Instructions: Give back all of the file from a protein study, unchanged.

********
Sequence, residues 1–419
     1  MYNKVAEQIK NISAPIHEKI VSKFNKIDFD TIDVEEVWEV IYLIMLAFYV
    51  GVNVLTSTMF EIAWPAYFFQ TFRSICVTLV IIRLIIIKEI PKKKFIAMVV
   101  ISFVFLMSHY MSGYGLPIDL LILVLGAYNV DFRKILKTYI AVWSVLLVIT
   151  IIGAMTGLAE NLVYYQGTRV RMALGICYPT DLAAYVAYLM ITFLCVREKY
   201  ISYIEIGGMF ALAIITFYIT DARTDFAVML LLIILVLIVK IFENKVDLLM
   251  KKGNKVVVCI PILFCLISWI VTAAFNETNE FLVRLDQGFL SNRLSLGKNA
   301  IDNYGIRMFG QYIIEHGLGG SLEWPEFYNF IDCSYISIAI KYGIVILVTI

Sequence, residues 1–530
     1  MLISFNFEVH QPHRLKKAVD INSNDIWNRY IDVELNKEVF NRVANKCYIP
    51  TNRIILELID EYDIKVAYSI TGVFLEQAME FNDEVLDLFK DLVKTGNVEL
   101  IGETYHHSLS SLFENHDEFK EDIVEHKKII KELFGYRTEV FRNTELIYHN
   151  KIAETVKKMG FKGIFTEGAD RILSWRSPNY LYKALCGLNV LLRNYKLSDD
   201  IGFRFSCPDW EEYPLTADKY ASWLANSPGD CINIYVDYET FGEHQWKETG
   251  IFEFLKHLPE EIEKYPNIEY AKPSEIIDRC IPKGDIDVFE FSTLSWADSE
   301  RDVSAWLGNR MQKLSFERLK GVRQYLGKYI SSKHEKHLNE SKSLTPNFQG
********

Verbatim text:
Sequence, residues 1–419
     1  MYNKVAEQIK NISAPIHEKI VSKFNKIDFD TIDVEEVWEV IYLIMLAFYV
    51  GVNVLTSTMF EIAWPAYFFQ TFRSICVTLV IIRLIIIKEI PKKKFIAMVV
   101  ISFVFLMSHY MSGYGLPIDL LILVLGAYNV DFRKILKTYI AVWSVLLVIT
   151  IIGAMTGLAE NLVYYQGTRV RMALGICYPT DLAAYVAYLM ITFLCVREKY
   201  ISYIEIGGMF ALAIITFYIT DARTDFAVML LLIILVLIVK IFENKVDLLM
   251  KKGNKVVVCI PILFCLISWI VTAAFNETNE FLVRLDQGFL SNRLSLGKNA
   301  IDNYGIRMFG QYIIEHGLGG SLEWPEFYNF IDCSYISIAI KYGIVILVTI

Sequence, residues 1–530
     1  MLISFNFEVH QPHRLKKAVD INSNDIWNRY IDVELNKEVF NRVANKCYIP
    51  TNRIILELID EYDIKVAYSI TGVFLEQAME FNDEVLDLFK DLVKTGNVEL
   101  IGETYHHSLS SLFENHDEFK EDIVEHKKII KELFGYRTEV FRNTELIYHN
   151  KIAETVKKMG FKGIFTEGAD RILSWRSPNY LYKALCGLNV LLRNYKLSDD
   201  IGFRFSCPDW EEYPLTADKY ASWLANSPGD CINIYVDYET FGEHQWKETG
   251  IFEFLKHLPE EIEKYPNIEY AKPSEIIDRC IPKGDIDVFE FSTLSWADSE
   301  RDVSAWLGNR MQKLSFERLK GVRQYLGKYI SSKHEKHLNE SKSLTPNFQG